On today’s blog, we’re going to cover a variety of Random Marvel villains selected from my overflowing “jobber” file.
I’m not going to say all of these are in fact jobbers, but they are definitely some more strange and obscure Marvel villains that you might have forgotten about over the years. Enjoy!
Flag Smasher (Karl Morgenthau)
Created By: Mark Gruenwald & Paul Neary
First Appearance: Captain America #312 (December 1985)
Flag-Smasher was created by Mark Gruenwald to be a uniquely-Cap kind of foe: representing anti-patriotism the way The Red Skull represented fascism. He also represents the kind of villain I like to see: The one who authentically believes he is right.
I believe a lot of nationalism and patriotism is a lot of hooey that creates undue suffering (the whole “NO, we don’t want THOSE people in our country/We want our OWN country!” thing that produces dozens of wars). So from there you see a guy who things national borders are foolish and that everyone should be made to feel less superior to each other. It’s almost a POSITIVE thing when you look at it like that, isn’t it? So of course he’s a murderous douchebag who tries to forcibly destroy national boundaries, which is where you get the whole “Villainous” aspect. I had a villain with a similar basis for my Young Guns stories- a Scientist/Dictator leading an army of anti-nationalist soldiers.
Flag-Smasher is of course a terrorist with anti-nationalist ties, founding an organization to crush symbols of patriotism. His natural foe of course is the SYMBOL of America, Cap himself, but he ends up TEAMING with Cap when it turns out that his ULTIMATUM group is being funded by The Red Skull, and will soon destroy all electronically-operated machinery in the world! He soon rejoins ULTIMATUM and continues his act, fighting a few other guys (Moon Knight & The Punisher in one story, Punisher & Ghost Rider in the next… because it was probably the ’90s). He briefly gained super-powers and a buttload of crazy from Roxxon, and was then made the ruler of a small nation by the V-Battalion, only to be killed by Domino to place Cable on the throne (???). Because I dunno, writers got tired of using him.
Ultimately, I think the guy kind of failed. I mean, it was a good standard idea at first, but they made someone who had some complex political scheme into basically Generic Terrorist Guy, who would try to bomb Washington and give guns to malcontents- it effectively rendered him a bit generic and forgettable.
ASBESTOS MAN (Orson Kasloff)
Created By: Stan Lee, Dick Ayers & H.E. Huntley
First Appearance: Strange Tales #111 (Aug. 1963)
Orson Kasloff is a quasi-ethnic Eastern European scientist who turned to crime after he decided he liked money, and in order to impress the criminals of New York, he decided to dress up like a colorblind man in a costume made of duct tape. Using the then-thought-benign substance of asbestos, he wore a flame-retardant outfit that rendered him thus IMMUNE to Johnny Storm’s powers. As The Human Torch was then super-feared by criminals in his own solo stories, Kasloff would thus earn cred.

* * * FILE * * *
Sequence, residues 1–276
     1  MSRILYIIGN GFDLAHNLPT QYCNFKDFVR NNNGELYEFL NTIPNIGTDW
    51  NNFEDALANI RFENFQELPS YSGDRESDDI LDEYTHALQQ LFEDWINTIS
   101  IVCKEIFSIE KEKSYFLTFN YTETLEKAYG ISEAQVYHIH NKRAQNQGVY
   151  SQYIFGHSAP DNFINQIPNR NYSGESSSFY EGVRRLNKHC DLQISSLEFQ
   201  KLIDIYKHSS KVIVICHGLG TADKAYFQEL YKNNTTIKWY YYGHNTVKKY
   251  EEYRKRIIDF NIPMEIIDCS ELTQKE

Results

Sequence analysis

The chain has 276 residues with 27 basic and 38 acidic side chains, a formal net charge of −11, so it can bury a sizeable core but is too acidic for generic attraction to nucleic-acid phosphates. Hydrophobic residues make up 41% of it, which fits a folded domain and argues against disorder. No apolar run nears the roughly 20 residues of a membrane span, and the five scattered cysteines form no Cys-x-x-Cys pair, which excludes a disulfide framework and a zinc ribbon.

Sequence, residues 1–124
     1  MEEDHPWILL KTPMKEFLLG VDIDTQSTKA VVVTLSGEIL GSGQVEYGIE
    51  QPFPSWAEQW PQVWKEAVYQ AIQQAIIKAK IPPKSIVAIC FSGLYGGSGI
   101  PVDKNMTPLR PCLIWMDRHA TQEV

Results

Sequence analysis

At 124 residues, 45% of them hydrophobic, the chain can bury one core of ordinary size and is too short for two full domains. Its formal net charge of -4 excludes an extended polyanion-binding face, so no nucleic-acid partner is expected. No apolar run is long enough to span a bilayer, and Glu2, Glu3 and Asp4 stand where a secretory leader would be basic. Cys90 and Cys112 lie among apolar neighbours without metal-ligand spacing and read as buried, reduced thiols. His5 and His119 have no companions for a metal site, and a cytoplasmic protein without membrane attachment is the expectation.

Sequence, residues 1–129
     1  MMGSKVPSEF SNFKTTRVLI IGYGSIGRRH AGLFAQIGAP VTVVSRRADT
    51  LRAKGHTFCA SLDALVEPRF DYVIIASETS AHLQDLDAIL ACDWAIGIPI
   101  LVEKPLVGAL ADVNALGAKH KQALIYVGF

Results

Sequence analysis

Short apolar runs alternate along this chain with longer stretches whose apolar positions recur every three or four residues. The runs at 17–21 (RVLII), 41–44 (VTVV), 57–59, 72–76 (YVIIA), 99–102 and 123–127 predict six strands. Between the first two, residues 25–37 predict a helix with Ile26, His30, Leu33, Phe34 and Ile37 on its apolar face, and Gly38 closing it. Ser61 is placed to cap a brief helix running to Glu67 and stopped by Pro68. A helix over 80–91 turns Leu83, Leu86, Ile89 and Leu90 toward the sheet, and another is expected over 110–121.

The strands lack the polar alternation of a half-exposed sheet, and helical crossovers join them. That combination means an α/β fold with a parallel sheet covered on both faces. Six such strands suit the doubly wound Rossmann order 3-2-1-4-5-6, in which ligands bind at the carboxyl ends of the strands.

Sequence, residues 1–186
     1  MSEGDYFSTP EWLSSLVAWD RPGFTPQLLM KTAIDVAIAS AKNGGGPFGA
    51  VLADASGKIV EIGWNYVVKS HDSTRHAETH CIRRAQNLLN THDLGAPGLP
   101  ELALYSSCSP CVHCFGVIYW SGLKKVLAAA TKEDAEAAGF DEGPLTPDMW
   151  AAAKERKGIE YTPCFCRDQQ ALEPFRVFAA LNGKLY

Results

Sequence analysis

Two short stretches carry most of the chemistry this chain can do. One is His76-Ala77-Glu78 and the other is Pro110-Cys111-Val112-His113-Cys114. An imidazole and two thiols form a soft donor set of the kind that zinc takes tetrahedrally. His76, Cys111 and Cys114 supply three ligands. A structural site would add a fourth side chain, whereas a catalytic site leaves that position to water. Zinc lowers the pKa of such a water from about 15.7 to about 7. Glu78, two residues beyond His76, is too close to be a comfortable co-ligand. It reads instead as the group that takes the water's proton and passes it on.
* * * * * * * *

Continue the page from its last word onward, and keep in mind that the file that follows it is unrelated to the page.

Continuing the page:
He actually BEAT The Torch in the first go-round, letting him go and taunting him that he could do that whenever he wants. He got the cred he wanted, but the standard Comic Book Rematch took place, in which Johnny burned Asbestos Man’s fancy net, then burned up all the oxygen in the room, forcing the villain to surrender.
And thus, this goofy-ass one-note supervillain with a ridiculous name retired forever, except for a one-panel return in Great Lakes Avengers, where he tried to get recruited. I mean, the name alone is patently ridiculous, and that was BEFORE asbestos was known to be a super-dangerous substance and the result of numerous lawsuits regarding its use in buildings!
Asbestos Man is as much of a joke as you would expect, but is actually quite dangerous when he’s using his Fancy Net to catch Johnny Storm’s Fireballs and throw them back at him! Otherwise he’s a giant wussy who can’t take much of a hit (despite having a bulletproof outfit). However the outfit can slowly make people sick if they’re too close to it, so that’s quasi evil (I mean, it’s not like giving someone a COLD would be worth giving you street cred, but an outfit made of a poisonous substance that can cause cancer?).
Mr. Jip (Unknown)
Created By: Terry Austin & Brett Blevins
First Appearance: Strange Tales #8 (November 1987)
Mr. Jip is a Cloak & Dagger villain I only know because of his appearance in one of the “Atlantis Attacks!” annuals, which I finally read years after seeing it. His curious name and weird appearance made him memorable where many other similar villains would have gone forgotten by me, but he still has very, VERY few appearances. I mean, Cloak & Dagger were a C-Tier book in their PRIME, much less nowadays, so one of their key baddies was either gonna turn into one of those “Marvel Team-Up” recurring Villain Whores, or just disappear entirely.
It looks like the C&D writer, Terry Austin, was the only one to really use him, and so he trekked him out to the X-Men for that Annual appearance of his. Reading into who CREATES these guys makes it a lot more obvious why certain characters get used, sometimes.
Mr. Jip was the first apprentice of The Ancient One, but was cast out for using black magic and evil stuff. He has gone on to become an immortal threat who usually manipulates others through the shadows.
A particular favorite shtick is to promise great power, but asking a price in return. For example, he once re-empowered Cloak (so that he could still hang around with Dagger as he felt Tandy would leave him if he was “normal”) in order to gain his body as a future host.
Then he switched the minds of Diamondback & Dazzler in order to blackmail the X-Men into stopping the Serpent Society from gathering a bunch of relics to empower Ghaur & Llyra’s Evil Plan. Alas, he wasn’t long for this world, and was killed in Latveria after screwing with Dagger again and getting offed by a former henchman, Night.
A bargain-basement Wizard in terms of combat (though stronger than the usual types), Mr. Jip is more of a “Secret Manipulator” type who couldn’t take very powerful superhumans in a close contest, much less a mage as powerful as Dr. Strange. He’s good with people, and often takes part in Rituals, such as the ones that allow him to take over the bodies of others and thus allow him to remain ageless (he has to do this every time he gets too old, though sometimes he just kills someone to take their body, like he did with Dagger’s Uncle).